In an economy where large R&D departments are located in industrial firms and where production and employment shares increasingly move to services, expenditure on creating new knowledge is rising. This includes technological knowledge but also expenditure on improving organizations or increasing brand value. What these expenditures have in common is that they are to a large part targeted revenues beyond the scope of the current business year. Thus they represent economic investments. As of 2016, R&D expenditure has been included into the GDP measure of investment in major advanced economies such as the United States, Canada and the EU countries. But other knowledge investments, especially in organizational capital, are still omitted from GDP. Data for some countries is available from research projects (see, e.g. Corrado, Hulten and Sichel, 2005; Corrado, Haskel, Jona-Lasinio and Iommi2012). A further trend of recent decades, which has already been analyzed more in depth, is the increasing importance of information and communication technologies (ICT). While much of the early research on economic effects of ICT was motivated by Solow’s famous statement  “You can see the computer age everywhere but in the productivity statistics” (Solow, 1987) empirical evidence on the contribution of technological change in the ICT sector and ICT investment in all sectors to economic growth are nowadays well established. Both factors are seen as a major driver of the differential in aggregate labor productivity growth between the Anglo-saxon countries and continental Europe.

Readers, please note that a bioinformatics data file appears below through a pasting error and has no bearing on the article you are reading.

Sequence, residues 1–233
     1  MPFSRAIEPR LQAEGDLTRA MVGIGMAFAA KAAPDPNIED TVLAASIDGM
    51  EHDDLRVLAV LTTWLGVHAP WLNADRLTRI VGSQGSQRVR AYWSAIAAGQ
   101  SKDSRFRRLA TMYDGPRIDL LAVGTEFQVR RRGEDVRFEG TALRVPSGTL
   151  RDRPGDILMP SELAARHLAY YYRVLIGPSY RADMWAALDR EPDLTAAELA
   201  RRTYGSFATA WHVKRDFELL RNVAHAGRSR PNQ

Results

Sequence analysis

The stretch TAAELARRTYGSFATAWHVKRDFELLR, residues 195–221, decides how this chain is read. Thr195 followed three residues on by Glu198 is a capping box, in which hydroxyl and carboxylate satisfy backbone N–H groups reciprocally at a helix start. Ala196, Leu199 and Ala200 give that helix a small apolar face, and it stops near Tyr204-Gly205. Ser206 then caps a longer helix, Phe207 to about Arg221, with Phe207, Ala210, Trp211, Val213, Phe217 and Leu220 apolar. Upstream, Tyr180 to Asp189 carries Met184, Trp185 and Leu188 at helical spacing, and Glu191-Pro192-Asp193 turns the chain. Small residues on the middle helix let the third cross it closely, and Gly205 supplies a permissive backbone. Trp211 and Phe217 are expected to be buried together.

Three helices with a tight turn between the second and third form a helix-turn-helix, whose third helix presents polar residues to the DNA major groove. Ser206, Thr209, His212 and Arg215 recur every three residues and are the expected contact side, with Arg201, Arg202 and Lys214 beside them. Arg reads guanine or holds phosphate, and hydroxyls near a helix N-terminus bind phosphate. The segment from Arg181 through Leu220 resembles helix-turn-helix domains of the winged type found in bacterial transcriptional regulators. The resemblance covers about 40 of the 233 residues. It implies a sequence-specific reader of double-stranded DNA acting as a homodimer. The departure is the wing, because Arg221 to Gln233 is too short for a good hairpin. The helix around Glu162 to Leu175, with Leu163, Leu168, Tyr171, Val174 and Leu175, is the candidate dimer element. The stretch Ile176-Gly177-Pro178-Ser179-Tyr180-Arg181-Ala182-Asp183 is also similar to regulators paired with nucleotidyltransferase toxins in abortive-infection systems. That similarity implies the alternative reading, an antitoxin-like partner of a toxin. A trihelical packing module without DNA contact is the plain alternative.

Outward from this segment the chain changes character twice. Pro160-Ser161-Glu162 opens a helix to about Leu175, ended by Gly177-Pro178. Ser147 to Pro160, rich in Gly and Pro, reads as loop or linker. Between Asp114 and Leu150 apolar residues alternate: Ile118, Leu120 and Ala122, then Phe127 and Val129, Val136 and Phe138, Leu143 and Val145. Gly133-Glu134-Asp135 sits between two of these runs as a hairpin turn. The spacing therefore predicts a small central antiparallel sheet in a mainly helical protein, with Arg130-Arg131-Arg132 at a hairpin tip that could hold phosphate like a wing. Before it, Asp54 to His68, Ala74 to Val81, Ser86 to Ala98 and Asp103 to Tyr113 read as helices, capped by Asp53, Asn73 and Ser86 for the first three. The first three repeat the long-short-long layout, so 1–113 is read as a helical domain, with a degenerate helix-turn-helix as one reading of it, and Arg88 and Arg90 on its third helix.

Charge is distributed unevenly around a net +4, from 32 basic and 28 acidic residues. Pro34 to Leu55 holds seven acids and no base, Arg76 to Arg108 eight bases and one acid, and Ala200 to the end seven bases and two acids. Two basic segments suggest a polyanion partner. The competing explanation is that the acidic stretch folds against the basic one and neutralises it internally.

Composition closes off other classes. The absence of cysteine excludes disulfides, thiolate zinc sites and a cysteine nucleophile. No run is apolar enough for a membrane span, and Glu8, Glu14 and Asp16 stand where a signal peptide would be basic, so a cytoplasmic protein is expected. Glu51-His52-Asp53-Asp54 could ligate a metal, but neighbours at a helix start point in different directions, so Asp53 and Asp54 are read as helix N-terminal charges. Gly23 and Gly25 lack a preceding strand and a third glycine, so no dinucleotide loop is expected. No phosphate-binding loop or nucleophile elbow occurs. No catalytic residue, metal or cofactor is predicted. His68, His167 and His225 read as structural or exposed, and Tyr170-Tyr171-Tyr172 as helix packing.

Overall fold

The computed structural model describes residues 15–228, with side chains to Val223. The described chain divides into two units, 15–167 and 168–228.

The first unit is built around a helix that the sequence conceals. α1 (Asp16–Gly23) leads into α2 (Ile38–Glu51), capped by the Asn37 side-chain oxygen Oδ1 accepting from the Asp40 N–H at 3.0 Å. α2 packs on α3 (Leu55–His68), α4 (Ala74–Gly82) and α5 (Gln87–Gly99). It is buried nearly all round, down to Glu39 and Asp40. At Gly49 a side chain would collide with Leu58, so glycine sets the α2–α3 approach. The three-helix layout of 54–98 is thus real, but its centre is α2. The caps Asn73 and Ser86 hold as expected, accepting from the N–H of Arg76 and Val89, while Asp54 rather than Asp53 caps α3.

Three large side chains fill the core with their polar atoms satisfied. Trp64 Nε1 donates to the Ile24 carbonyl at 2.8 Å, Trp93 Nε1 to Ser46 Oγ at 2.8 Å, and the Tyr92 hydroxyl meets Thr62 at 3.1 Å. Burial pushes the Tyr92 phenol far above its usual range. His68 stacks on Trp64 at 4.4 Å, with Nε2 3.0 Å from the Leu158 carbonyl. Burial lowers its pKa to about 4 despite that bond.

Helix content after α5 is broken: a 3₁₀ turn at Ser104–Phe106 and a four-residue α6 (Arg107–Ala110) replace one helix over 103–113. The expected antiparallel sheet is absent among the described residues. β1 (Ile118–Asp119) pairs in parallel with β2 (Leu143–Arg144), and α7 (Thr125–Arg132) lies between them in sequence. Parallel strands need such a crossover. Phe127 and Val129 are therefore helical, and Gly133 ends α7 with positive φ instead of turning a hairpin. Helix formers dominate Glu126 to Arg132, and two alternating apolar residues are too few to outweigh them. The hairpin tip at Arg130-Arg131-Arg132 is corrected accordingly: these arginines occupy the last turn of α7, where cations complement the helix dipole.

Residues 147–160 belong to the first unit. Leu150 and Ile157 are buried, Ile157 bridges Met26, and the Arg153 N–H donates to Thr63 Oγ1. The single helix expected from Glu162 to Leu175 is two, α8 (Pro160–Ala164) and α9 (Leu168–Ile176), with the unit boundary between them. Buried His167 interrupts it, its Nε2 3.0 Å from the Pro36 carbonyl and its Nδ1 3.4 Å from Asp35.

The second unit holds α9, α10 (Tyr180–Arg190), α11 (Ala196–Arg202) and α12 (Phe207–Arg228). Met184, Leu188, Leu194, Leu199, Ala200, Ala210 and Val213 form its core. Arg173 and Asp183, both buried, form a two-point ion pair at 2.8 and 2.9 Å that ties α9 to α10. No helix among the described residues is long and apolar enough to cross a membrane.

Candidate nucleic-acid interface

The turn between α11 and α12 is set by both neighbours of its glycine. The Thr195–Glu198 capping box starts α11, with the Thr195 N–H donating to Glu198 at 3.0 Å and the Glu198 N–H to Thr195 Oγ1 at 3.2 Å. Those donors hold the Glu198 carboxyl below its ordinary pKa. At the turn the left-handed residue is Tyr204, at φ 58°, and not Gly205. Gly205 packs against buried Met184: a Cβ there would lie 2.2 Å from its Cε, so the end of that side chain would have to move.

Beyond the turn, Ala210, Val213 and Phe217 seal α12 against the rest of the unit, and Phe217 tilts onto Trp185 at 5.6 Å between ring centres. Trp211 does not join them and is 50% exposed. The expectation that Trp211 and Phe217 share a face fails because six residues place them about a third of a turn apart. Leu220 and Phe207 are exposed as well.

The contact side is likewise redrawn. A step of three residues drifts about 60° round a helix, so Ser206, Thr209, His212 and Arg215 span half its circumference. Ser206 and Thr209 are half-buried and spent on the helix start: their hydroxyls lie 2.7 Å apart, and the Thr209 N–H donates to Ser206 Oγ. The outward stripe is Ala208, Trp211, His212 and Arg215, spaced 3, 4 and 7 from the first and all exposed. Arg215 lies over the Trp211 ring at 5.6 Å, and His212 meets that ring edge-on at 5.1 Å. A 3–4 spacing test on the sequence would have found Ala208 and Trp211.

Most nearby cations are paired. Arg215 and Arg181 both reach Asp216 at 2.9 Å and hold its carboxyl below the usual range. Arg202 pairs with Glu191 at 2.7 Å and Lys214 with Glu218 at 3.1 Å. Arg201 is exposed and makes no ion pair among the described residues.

Modern economic growth has been delayed in other parts of the world. Countries that continue to have low living standards, such as those in Sub-Saharan Africa, have adopted a number of modern technologies but their periods of economic growth are interrupted by civil wars, famines and other setbacks. The global gap in living standards has been widening for most of the 20th century –a phenomenon described as the “great divergence”. One important reason for this divergence is that technological knowledge does not diffuse costlessly. Important expenditures are associated with technology transfer and adaptation to other firms, industries and countries. Local institutions, the skills of the local workforce and “absorptive capacities” in a more general sense are crucial for the adoption of new technologies from other countries.


4.2.4 Resource endowments, geography and environment